Read more
Halifax
House prices were stable in March
7 April 2020

According to the Halifax, house prices in March were flat (QOQ), but were 3.0% higher than in the same month a year earlier (YOY). Halifax noted that activity in much of March was positive, underlining “a positive trajectory and increased momentum in the early part of the year, with confidence rising as political and economic uncertainty eased”.

However, they also noted that these more positive developments were, on the whole, recorded prior to the house-moving restrictions initially introduced by the Government on 23 March (updated on 26 March) in response to the COVID-19 pandemic. The Government advised “house moves should be delayed unless moving is unavoidable”.    

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Labour productivity (output per hour) grew 0.3% (QOQ) in 2019Q4
7 April 2020

The ONS reported that output per hour (the main measure of labour productivity, “productivity hours”) grew 0.3% (QOQ) in 2019Q4, to be 0.3% higher (YOY) (labour productivity table 1). The 0.3% YOY increase was a result of gross value added (GVA) growing faster than hours worked, at 1.1% and 0.8% respectively. (GVA is a measure of the production of goods and services in the economy and is closely aligned to gross domestic product (GDP).) The 0.3% growth in output per hour largely reflected a strong performance from construction, while manufacturing made the largest negative contribution to whole-economy productivity growth.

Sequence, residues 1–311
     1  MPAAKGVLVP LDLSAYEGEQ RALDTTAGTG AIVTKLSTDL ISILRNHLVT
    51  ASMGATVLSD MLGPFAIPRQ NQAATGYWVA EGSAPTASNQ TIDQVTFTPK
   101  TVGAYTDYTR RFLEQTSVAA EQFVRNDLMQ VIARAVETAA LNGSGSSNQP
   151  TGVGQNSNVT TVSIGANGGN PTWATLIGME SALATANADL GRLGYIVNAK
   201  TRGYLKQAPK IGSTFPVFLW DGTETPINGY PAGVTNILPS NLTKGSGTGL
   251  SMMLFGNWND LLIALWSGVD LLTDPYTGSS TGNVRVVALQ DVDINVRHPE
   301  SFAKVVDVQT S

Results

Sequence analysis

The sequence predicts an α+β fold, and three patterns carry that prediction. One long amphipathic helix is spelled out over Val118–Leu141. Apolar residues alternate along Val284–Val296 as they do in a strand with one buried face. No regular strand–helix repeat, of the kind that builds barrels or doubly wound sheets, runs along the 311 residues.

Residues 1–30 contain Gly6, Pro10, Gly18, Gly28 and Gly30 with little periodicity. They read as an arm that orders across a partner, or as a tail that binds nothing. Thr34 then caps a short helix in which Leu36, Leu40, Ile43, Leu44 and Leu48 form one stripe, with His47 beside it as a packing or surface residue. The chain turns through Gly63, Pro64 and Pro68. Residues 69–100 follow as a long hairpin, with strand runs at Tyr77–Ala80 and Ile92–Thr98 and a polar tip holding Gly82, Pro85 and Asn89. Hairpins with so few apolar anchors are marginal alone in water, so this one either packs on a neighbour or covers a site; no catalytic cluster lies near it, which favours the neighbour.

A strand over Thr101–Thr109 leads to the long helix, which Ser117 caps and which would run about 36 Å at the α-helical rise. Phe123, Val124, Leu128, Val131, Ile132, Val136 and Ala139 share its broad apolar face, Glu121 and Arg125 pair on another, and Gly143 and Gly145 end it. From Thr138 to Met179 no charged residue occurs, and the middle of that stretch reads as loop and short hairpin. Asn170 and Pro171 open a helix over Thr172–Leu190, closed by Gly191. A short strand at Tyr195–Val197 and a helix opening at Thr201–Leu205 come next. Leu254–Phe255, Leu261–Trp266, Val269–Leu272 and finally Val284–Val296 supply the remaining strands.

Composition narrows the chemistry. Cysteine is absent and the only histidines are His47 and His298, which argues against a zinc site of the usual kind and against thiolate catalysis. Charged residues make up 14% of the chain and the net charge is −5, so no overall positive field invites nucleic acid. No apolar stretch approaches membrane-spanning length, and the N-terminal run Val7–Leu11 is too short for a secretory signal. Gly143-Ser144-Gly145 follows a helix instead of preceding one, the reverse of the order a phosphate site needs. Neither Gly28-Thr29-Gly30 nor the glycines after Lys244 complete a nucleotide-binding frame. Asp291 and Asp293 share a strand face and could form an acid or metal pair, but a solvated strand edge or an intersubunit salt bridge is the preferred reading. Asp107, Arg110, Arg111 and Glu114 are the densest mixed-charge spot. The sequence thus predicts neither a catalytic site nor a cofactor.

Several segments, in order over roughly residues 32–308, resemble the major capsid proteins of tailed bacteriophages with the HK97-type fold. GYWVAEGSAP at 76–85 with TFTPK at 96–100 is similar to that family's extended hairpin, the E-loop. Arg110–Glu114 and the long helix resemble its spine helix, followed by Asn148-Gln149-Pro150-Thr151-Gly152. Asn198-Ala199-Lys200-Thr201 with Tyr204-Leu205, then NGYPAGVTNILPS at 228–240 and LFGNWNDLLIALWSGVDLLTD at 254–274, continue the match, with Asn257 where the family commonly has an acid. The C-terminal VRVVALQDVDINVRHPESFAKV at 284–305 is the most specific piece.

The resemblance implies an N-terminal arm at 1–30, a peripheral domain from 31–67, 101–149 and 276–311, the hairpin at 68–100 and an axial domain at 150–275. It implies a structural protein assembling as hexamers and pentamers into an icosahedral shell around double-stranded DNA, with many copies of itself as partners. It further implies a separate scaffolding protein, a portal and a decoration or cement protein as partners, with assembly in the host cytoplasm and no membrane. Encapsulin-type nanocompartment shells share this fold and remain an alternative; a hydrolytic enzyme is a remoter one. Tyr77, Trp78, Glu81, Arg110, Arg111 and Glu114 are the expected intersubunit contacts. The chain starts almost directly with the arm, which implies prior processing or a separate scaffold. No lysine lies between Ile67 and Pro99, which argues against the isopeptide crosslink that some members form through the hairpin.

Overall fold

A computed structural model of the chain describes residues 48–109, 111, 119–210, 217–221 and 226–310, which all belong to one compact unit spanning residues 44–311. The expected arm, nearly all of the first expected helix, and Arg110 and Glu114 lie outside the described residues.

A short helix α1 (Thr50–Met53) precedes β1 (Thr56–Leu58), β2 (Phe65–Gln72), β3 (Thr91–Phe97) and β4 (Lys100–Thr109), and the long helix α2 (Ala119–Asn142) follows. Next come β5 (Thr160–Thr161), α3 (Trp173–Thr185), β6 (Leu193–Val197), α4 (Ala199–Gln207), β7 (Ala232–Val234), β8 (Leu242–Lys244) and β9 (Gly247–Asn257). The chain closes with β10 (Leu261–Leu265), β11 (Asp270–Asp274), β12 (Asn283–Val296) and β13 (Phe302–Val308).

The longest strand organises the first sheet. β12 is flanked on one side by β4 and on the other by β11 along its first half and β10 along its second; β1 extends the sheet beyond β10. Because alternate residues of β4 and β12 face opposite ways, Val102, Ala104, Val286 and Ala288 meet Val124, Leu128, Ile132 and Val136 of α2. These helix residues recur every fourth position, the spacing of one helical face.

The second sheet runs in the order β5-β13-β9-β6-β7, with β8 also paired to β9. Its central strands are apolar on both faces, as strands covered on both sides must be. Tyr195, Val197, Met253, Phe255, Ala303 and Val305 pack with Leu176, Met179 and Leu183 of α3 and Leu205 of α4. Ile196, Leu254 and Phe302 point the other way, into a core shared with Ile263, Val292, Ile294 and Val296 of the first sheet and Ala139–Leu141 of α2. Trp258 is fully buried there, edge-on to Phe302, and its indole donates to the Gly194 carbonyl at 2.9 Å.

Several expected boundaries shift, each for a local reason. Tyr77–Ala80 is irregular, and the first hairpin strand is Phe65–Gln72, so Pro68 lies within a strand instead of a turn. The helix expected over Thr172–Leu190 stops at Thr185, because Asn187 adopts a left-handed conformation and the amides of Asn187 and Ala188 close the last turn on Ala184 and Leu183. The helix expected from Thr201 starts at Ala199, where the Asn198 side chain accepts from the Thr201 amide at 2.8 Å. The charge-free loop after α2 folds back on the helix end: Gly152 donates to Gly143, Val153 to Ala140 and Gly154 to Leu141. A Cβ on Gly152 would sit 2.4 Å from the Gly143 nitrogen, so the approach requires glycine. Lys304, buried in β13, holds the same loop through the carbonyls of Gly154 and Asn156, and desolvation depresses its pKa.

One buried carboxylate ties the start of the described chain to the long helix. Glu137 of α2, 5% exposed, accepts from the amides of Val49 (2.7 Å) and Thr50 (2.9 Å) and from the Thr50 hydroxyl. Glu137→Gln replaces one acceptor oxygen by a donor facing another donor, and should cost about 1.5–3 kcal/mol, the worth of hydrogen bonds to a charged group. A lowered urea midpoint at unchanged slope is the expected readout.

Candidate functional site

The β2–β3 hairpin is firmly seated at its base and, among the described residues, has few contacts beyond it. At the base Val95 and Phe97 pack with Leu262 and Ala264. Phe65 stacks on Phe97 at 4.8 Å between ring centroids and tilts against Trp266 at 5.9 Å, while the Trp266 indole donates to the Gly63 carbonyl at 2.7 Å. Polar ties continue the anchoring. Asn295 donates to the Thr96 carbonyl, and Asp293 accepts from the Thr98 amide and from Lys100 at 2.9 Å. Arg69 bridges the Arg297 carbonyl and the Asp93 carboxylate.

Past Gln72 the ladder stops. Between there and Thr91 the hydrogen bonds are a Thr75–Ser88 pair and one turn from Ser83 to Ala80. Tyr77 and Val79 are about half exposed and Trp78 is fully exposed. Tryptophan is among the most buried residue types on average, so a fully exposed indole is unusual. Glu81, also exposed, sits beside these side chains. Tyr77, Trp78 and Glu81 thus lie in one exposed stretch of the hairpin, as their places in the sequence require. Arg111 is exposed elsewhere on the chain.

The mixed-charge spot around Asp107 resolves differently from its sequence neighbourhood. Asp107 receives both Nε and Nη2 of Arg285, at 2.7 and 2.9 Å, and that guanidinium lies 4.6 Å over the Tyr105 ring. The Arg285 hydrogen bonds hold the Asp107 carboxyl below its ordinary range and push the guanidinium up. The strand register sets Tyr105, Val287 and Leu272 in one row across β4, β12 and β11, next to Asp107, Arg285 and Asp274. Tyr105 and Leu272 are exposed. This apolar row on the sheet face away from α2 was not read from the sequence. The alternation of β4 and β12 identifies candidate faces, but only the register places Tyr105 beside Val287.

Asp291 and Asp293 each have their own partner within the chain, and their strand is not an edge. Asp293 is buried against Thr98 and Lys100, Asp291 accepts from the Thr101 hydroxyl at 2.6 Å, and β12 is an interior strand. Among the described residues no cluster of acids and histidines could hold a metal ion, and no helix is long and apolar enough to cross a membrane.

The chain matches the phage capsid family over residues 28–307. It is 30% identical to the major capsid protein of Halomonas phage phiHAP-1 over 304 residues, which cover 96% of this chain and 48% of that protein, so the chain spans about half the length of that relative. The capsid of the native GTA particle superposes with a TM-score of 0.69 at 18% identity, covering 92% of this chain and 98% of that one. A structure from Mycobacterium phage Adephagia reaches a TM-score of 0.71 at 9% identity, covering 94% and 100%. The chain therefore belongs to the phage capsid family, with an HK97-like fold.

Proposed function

Output per worker fell 0.5% (QOQ) in 2019Q4, but was unchanged (YOY), as GVA and total employment grew at a similar pace (YOY).

In 2019, there was no growth in output per hour compared with the previous year. Over the same period, output per worker grew marginally by 0.3%.

Unit labour costs (ULCs) rose by 2.3% (YOY) in 2019Q4, as labour costs (such as wages and salaries) growth (at 2.6%) outpaced the growth in labour productivity (output per hour, at 0.3%). As explained by the ONS “…holding other factors constant, increasing output per hour reduces ULCs and vice versa. Positive output per hour growth has a negative effect on ULC growth, while negative output per growth has a positive effect on ULC growth”. Unit labour costs are a leading indicator of inflation. Overall, in 2019 ULCs grew by 3.0% compared with 2018.

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Markit construction survey shows large fall in activity in March
6 April 2020